Annealing Oven for Acrylic / PMMA / Perspex / Plexiglas - Searching for Parts

I'm looking to build an annealing oven for Acrylic / Perspex / Plexiglas / PMMA. Nothing fancy just functional, I'm intending to use
MDF to create a box structure to which I will add a hinged door and some heating elements. The annealing process is only to about 80C/175F so I'm happy that the wood will do the job.
I initially considered buying an old oven and ripping out the elements/thermostat, however for safety reasons I'm not too keen to do this (The parts are sure to be over powerful), hence I'm trying to find a supplier for the heating elements/thermostat and controller. I would happily receive any information anyone could give... even where to search.
I am based in Europe; a supplier in the UK or France would be most suitable.
Many Thanks Grant
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G'day Mate, Depending on the total size of your oven, a hairdryer may be enough to provide the heat required. If it's slightly larger, a fan heater can be adapted to suit. The fan heater may already have the required thermostat in the air inlet (or between the fan and the element) and on many models can be readily adjusted to suit the temperature range you desire by turning the fitted temperature knob.
You would may want a metal duct to feed the warmed air to the oven, and recirculate the same air to the fan's inlet. A couple of baffles once the air enters your oven box could be easily designed in, or if the box is made a little larger, the fan heater may be simply placed on a shelf inside.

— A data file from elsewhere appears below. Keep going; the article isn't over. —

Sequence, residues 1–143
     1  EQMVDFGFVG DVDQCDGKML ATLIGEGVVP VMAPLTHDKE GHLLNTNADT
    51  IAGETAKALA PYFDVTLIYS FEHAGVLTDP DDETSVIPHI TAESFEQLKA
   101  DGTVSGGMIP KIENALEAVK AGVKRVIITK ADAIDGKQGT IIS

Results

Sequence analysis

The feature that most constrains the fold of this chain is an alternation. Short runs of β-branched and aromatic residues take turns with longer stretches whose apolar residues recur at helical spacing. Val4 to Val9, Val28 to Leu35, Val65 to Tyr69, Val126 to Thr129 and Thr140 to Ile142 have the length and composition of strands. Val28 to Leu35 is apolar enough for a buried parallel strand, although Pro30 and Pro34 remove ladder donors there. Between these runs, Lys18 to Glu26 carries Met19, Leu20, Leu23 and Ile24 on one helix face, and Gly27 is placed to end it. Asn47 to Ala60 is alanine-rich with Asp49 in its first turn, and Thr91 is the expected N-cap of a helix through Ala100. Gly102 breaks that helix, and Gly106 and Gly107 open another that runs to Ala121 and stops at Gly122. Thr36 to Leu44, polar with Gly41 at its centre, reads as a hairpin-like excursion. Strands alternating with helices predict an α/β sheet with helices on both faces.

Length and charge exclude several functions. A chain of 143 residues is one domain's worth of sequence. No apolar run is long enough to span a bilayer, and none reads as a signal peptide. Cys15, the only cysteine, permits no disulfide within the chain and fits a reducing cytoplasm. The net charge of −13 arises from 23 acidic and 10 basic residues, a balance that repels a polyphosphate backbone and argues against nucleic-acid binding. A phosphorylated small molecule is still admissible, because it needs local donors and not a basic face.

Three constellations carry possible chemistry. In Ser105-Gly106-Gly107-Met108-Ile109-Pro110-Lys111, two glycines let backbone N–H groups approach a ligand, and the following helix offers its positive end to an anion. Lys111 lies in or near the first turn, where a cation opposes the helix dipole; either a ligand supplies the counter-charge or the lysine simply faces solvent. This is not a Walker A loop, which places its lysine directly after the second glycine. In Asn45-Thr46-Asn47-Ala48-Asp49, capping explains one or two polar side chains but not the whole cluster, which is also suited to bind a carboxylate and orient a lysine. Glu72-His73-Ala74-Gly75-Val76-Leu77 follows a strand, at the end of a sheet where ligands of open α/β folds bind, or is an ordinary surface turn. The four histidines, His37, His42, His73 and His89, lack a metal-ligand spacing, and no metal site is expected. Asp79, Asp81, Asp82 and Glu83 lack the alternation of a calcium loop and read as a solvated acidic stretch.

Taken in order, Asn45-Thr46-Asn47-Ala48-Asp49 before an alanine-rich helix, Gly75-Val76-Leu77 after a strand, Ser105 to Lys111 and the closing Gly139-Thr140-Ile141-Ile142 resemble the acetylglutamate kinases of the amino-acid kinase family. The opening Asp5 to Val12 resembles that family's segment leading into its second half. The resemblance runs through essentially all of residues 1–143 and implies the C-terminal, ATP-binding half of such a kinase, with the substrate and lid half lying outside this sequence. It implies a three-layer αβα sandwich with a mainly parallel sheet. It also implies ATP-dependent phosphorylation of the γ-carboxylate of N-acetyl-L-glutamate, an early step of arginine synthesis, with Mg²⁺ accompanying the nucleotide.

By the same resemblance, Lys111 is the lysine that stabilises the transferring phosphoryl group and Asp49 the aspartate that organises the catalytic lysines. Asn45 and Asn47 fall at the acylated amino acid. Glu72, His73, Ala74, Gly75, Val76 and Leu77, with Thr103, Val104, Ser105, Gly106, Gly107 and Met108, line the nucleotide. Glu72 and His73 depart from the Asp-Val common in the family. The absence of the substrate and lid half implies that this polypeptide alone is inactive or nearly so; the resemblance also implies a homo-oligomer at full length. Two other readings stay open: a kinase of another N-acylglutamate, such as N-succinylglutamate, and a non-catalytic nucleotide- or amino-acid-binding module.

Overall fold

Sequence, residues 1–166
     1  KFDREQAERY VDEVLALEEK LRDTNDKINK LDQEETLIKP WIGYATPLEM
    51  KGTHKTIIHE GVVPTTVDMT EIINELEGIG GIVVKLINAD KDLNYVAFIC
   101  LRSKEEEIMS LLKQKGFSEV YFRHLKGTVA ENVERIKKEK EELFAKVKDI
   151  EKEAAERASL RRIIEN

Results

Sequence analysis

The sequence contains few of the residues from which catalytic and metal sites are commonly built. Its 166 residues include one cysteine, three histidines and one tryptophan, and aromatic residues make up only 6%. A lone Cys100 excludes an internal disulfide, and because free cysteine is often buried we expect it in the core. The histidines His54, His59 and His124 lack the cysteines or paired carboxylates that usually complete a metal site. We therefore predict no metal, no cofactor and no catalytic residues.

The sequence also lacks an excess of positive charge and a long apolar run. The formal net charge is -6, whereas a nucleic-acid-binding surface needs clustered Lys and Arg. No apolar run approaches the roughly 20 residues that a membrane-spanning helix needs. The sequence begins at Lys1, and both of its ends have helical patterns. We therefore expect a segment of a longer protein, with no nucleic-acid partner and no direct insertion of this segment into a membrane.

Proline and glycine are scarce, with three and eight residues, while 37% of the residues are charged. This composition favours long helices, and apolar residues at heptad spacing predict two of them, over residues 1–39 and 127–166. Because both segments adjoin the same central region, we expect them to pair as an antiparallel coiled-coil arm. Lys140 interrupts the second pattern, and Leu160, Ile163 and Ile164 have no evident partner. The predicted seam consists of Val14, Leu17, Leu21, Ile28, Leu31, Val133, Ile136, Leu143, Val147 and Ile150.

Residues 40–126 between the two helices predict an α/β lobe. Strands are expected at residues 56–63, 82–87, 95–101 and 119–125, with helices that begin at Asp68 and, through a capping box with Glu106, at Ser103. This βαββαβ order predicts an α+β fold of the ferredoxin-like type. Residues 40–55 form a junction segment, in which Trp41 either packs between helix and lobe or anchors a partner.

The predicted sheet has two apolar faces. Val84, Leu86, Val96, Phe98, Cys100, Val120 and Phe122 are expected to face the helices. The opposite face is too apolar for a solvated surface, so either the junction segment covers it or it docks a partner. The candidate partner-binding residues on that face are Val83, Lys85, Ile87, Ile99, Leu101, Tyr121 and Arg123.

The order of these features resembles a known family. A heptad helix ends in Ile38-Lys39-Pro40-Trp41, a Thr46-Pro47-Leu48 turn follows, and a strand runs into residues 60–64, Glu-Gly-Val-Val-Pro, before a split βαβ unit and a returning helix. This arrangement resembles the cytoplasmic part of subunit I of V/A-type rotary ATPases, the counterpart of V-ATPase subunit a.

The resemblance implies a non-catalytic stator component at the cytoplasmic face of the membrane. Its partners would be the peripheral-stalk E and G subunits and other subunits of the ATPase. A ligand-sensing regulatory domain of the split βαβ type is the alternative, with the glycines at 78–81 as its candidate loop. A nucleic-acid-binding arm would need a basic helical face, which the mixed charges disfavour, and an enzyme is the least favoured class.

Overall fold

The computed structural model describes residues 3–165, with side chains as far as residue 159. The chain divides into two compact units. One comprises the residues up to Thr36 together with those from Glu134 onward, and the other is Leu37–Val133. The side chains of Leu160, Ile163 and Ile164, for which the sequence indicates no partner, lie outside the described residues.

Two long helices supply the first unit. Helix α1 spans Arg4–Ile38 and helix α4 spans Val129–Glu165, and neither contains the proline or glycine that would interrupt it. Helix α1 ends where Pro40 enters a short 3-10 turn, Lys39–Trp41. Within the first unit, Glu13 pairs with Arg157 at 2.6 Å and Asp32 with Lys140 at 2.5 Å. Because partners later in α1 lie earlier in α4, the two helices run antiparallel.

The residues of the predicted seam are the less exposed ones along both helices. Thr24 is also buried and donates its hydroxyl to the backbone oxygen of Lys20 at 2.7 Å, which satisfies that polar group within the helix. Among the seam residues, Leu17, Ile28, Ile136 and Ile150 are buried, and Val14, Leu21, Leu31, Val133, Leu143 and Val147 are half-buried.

If you want to scale up the unit, it can be easily achieved by simply adding a couple more fan heaters. Even if their thermostats are not at exactly the same air temperature, they will still settle to a stable oven temperature after a suitable warmup time. If you drill a couple of holes in the top or the side, you can insert a thermometer into a range of different points to check the temperature at a number of locations. It may take a half an hour of playing with the knobs, but you will be able to achieve a very even temperature. The fan forced oven will also have a more even temperature gradient from one end of the box to the other compared to an old oven element.
I think I would add a smoke detector and not use it unattended! Firbeboard sheet is also cheaply available from your local hardware, and if you used a product like you would line the wall behind a fireplace with, it would allow for higher operating temperatures if later required for another project.
You can pick up the heaters brand new for less than a carton of beer in most larger villages!
:<)
Hope this helps, Peter

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[Hobby group trimmed out]
This is about as good advice as you will need to do the job...
Brian W
On Sun, 27 Feb 2005 18:59:41 +1000, "Bushy Pete"

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